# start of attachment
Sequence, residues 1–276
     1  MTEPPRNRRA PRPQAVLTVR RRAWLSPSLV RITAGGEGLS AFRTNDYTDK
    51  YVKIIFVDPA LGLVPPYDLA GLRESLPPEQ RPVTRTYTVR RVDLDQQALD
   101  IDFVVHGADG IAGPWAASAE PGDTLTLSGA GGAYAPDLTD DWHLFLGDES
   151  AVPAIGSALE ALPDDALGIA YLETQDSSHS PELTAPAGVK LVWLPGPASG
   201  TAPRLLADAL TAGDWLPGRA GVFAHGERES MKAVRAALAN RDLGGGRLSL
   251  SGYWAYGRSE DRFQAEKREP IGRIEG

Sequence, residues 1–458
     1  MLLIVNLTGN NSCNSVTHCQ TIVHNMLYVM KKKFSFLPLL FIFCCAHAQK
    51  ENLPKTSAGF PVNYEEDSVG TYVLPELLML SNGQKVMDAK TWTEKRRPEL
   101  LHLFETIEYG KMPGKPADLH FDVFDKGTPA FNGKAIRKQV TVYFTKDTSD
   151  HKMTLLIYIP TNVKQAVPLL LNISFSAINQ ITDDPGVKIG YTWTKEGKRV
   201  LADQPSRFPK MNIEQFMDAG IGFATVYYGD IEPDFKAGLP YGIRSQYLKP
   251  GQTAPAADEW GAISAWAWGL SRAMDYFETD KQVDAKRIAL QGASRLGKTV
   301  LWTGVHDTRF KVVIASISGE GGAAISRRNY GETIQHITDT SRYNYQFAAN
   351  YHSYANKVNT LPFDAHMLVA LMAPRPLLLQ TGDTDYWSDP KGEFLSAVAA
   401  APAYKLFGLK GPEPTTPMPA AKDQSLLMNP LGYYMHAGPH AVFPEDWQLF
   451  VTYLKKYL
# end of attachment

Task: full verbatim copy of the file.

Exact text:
Sequence, residues 1–276
     1  MTEPPRNRRA PRPQAVLTVR RRAWLSPSLV RITAGGEGLS AFRTNDYTDK
    51  YVKIIFVDPA LGLVPPYDLA GLRESLPPEQ RPVTRTYTVR RVDLDQQALD
   101  IDFVVHGADG IAGPWAASAE PGDTLTLSGA GGAYAPDLTD DWHLFLGDES
   151  AVPAIGSALE ALPDDALGIA YLETQDSSHS PELTAPAGVK LVWLPGPASG
   201  TAPRLLADAL TAGDWLPGRA GVFAHGERES MKAVRAALAN RDLGGGRLSL
   251  SGYWAYGRSE DRFQAEKREP IGRIEG

Sequence, residues 1–458
     1  MLLIVNLTGN NSCNSVTHCQ TIVHNMLYVM KKKFSFLPLL FIFCCAHAQK
    51  ENLPKTSAGF PVNYEEDSVG TYVLPELLML SNGQKVMDAK TWTEKRRPEL
   101  LHLFETIEYG KMPGKPADLH FDVFDKGTPA FNGKAIRKQV TVYFTKDTSD
   151  HKMTLLIYIP TNVKQAVPLL LNISFSAINQ ITDDPGVKIG YTWTKEGKRV
   201  LADQPSRFPK MNIEQFMDAG IGFATVYYGD IEPDFKAGLP YGIRSQYLKP
   251  GQTAPAADEW GAISAWAWGL SRAMDYFETD KQVDAKRIAL QGASRLGKTV
   301  LWTGVHDTRF KVVIASISGE GGAAISRRNY GETIQHITDT SRYNYQFAAN
   351  YHSYANKVNT LPFDAHMLVA LMAPRPLLLQ TGDTDYWSDP KGEFLSAVAA
   401  APAYKLFGLK GPEPTTPMPA AKDQSLLMNP LGYYMHAGPH AVFPEDWQLF
   451  VTYLKKYL